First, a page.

You cannot be forced to sign a non-compete. In general, most restraints on competition are unlawful under Texas law, but Covenants Not to Compete are an exception. Under the Texas Covenant's Not to Compete Act, a covenant not to compete may be enforceable if it is:
1. Ancillary" to another enforceable agreement; and
Some LLC Operating agreements have "restrictive covenants" and depending on State law, they may or may not be enforceable against their members. It's not clear if your LLC docs have such a provision. The fact that you are being asked to sign a non-compete now might indicate that no such provision was in you Operating agreement.
For example, If the Operating agreement had a provision disallowing members from leaving with a certain period of time without the consent of all members, she may want something in return for letting you go early.
There are really any number of plausible reasons why you might be asked to sign a non-compete, but again it must be "ancillary" to an enforceable agreement whether that;s the Operating Agreement itself or some agreement.
Whatever the case, a non-compete must also be "Reasonable". With respect to Reasonableness, a number of factors come into play:
1. The covenant's duration should relate to the LLC's business needs. For example, if confidential information provided to you while working on the old company's business model has real value for two years, then a two year non-competition restriction might be valid.
2, The geographical limitations should generally be no greater than the area in which you worked.
There are a good deal of reasons why her request might be overreaching and ill-advised and more then a few that might make complete sense.
I strongly advise you to contact a Business Law attorney to review your situation and get all the facts before making any decision to sign a potentially binding non-compete in Texas. Having "your" lawyer review a legal agreement does not need to make the situation confrontational - it's just good business.
Best of luck.
The posting attorney is admitted to the U.S. Tax Court and authorized to represent clients in all 50 states before the IRS. Outside of IRS matters, the posting attorney is licensed to practice law generally in the State of Texas and no other state. The information provided in this post is for general educational purposes only and should not be relied upon as legal advice by any party. No attorney-client relationship is formed with any party by the mere posting (or reading) of this information on the AVVO website. Circular 230 Disclaimer - Advice given in this response cannot be used to eliminate penalties with the IRS or any other governmental agency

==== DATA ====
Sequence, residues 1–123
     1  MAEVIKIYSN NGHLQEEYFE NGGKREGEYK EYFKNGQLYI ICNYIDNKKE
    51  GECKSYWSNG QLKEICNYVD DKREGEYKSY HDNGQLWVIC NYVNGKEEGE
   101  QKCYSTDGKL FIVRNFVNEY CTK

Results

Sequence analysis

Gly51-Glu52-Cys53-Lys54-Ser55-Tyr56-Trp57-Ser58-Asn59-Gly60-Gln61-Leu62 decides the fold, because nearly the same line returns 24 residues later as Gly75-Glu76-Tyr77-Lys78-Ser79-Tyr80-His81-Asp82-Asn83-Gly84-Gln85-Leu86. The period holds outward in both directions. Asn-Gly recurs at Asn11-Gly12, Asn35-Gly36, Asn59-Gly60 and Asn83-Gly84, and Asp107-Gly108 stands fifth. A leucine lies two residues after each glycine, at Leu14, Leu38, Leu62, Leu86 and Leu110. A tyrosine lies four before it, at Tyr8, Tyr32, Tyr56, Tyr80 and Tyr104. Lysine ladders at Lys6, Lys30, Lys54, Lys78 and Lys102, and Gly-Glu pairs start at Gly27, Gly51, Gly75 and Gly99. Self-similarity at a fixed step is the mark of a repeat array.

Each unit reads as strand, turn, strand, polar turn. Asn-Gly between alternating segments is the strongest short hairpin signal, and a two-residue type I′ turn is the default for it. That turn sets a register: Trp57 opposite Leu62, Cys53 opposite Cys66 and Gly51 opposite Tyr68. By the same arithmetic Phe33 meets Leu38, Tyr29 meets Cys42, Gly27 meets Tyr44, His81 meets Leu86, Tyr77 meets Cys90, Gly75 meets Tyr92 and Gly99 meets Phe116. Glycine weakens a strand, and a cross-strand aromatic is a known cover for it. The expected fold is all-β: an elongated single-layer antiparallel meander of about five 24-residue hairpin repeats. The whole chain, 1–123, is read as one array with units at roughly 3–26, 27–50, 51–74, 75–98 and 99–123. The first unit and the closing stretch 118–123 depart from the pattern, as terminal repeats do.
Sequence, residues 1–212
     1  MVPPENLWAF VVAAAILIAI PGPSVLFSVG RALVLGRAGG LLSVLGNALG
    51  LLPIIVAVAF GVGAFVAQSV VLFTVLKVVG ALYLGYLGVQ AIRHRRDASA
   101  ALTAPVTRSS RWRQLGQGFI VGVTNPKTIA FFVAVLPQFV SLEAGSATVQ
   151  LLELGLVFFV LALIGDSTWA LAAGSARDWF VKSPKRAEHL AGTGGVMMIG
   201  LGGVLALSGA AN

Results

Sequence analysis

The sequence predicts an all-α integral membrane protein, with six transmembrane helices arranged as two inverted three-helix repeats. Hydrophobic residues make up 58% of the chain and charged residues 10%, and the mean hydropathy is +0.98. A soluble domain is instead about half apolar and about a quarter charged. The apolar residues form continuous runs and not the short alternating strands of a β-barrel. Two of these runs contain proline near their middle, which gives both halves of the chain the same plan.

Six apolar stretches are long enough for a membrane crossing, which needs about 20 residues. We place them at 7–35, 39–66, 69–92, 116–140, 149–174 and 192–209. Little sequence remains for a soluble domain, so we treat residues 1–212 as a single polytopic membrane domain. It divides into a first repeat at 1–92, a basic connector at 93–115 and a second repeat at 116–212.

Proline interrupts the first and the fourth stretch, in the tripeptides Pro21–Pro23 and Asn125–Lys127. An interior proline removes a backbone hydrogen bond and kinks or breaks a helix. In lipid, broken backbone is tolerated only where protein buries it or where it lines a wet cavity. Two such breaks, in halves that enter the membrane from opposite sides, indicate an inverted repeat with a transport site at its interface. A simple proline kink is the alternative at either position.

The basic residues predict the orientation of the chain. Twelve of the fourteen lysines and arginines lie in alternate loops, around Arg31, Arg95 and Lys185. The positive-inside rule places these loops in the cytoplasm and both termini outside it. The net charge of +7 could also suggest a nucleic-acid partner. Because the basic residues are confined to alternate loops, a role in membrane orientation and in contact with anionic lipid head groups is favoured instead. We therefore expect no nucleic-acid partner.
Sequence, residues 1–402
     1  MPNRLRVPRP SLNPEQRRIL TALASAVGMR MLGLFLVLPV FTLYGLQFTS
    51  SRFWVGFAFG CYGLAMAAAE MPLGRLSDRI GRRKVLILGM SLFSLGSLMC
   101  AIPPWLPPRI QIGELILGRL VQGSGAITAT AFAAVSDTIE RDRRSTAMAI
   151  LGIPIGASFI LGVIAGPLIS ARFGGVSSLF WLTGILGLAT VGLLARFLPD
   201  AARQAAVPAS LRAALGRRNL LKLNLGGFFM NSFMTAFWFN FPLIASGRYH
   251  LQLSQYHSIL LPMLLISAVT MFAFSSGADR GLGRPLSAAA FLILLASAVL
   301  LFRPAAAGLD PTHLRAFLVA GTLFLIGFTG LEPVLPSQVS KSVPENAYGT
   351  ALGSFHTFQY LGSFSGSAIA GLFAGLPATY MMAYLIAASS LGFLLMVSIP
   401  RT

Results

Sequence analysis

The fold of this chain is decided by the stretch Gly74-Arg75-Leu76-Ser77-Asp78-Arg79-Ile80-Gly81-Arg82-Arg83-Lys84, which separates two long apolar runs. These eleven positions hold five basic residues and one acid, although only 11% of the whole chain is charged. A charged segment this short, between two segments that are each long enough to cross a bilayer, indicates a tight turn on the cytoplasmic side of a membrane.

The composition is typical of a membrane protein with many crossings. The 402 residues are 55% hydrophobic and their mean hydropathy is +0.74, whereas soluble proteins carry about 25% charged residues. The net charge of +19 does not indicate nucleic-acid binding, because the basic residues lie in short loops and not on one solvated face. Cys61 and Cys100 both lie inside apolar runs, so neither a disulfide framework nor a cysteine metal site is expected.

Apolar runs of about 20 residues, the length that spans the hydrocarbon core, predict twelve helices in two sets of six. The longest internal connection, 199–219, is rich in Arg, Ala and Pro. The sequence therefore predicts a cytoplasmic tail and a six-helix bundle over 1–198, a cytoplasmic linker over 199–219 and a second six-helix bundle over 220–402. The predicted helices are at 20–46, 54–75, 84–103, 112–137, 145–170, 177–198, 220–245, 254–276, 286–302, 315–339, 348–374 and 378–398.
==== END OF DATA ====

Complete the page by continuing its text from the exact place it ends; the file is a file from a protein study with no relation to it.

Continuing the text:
You don't have to sign the non-compete. Whether she could cause you trouble in the future depends on a few things. It doesn't help matters that you guys never signed a Company Agreement. Or, to some extent, maybe it does. Who knows?
This time around, you should retain an attorney to form your company properly and provide you guidance on contracts and risk assessments. Only an attorney knowing more facts could help you.
The above statements are provided as general information and not intended as legal advice. Each matter has its own set of unique circumstances that cannot be adequately addressed without consultation. You are strongly advised to hire an attorney licensed to practice law in your state to represent you.
Your colleague cannot stop you from starting your own business or force you to sign a non-compete. Still, you should consult with an attorney about your exit strategy to address any potential intellectual property or trade secret disputes, in addition to any personal obligations you may have for debt incurred by the LLC.
There is no reason for you to sign such an agreement, especially when you are leaving the business. It limits your options and you get nothing for it. Your soon-to-be ex-partner gets all the benefits and no headaches from your competition. Even if you have no intention of competing with her, you should at least get some type of compensation for signing such an agreement. Just remember if you do, it is a contract and you could be sued for breach if you fail to fulfill your obligations.
This answer is provided for guidance only. Jennifer J. Clayton is an attorney licensed in Texas. She provides general information on Avvo.com. No attorney-client relationship arises out of the information given here.
LLC (limited liability company) Business partnerships Business contracts Non-disclosure agreement (NDA) Non-compete agreements for businesses Breach of contract Intellectual property Trade secrets Business Non-compete agreements and employees State, local, and municipal law LLC operating agreement